Shaz Memon (centre), founder of Wells on Wheels.
What has amazed most in reading the reports of people in lockdown in recent weeks is how so many in the west are completely unaware of the hardships that most of the world’s population confront daily. From drought to thirst to a variety of public health dangers, it is only with COVID-19 that western people are coming to see a slice of what the rest of the world has had to deal with daily. One such issue that most never think about as we turn to fill up our kettle with water is basic plumbing.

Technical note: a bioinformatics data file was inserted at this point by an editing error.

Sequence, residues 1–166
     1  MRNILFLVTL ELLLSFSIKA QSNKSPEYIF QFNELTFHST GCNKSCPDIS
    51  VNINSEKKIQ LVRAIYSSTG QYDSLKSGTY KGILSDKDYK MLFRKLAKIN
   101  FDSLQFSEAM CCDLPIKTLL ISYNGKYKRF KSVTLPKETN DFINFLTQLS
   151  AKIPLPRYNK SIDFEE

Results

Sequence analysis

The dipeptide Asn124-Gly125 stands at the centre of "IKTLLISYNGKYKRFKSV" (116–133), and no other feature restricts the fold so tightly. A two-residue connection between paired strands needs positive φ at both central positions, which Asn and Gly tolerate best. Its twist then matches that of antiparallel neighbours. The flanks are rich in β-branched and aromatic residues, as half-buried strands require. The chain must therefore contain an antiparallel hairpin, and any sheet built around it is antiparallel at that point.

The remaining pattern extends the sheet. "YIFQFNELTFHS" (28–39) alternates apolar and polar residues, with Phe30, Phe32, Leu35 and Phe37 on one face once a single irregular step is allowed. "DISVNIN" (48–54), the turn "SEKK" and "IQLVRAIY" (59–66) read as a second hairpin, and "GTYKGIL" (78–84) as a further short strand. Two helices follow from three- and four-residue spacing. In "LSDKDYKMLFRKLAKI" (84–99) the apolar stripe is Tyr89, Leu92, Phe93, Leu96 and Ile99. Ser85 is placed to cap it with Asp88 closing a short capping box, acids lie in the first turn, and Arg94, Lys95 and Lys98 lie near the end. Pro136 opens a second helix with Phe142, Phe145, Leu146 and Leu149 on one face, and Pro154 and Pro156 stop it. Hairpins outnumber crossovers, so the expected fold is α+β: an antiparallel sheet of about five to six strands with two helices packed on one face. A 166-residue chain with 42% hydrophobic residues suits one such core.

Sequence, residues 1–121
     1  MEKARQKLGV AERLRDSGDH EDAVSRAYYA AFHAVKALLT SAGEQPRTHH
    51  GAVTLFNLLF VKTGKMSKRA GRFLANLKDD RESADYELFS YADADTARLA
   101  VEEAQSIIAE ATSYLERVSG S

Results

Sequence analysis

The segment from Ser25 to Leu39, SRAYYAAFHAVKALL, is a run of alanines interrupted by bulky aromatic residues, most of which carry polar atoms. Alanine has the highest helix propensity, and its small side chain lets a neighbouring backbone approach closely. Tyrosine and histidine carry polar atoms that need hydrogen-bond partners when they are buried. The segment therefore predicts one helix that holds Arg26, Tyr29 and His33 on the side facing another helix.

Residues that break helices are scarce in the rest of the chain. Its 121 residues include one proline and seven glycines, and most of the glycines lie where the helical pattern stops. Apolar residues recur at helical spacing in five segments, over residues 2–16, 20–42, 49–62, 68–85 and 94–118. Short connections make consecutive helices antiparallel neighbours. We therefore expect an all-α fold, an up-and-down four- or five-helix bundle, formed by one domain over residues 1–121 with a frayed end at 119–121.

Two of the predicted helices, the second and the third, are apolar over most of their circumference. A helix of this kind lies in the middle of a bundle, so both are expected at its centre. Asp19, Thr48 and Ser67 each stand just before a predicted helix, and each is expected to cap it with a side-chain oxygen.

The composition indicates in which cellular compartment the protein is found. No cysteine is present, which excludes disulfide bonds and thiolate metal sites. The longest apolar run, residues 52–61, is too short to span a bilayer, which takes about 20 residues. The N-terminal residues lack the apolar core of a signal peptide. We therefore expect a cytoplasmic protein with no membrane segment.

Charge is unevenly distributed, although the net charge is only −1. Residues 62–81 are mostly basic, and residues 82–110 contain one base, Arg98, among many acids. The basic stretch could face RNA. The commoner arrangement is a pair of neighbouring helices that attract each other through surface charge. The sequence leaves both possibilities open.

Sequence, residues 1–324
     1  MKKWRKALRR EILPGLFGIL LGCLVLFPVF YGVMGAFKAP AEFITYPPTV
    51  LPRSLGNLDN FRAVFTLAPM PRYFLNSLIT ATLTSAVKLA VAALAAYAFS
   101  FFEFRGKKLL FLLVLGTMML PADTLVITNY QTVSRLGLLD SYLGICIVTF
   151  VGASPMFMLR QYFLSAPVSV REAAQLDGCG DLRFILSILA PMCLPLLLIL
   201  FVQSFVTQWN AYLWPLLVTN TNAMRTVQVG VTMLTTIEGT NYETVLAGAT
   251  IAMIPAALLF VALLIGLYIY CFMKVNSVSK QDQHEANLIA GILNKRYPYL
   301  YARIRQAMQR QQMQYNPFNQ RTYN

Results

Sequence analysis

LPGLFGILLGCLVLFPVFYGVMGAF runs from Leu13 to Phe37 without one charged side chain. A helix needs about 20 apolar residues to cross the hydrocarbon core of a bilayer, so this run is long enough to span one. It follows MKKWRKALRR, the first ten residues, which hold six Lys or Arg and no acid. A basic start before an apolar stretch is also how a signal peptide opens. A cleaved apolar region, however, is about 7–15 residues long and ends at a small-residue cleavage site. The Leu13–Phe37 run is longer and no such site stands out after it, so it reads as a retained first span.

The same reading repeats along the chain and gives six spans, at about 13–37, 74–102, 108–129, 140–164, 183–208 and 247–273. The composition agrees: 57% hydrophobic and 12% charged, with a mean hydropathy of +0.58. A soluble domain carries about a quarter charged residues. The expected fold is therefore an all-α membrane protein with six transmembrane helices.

It is estimated that between 790 million and 844 million people (roughly 11% of the world’s population) do not have clean water near their homes. And those without access to adequate sanitation is estimated to be 1.8 billion people (25% of the world’s population). This means that at least 10% of the world’s population is forced to consume food irrigated by wastewater. The result of poor sanitation is the reduction of physical well-being and of social and economic development due to the impacts. For instance, lack of sanitation and is linked to anxiety, risk of sexual assault and the loss of educational opportunities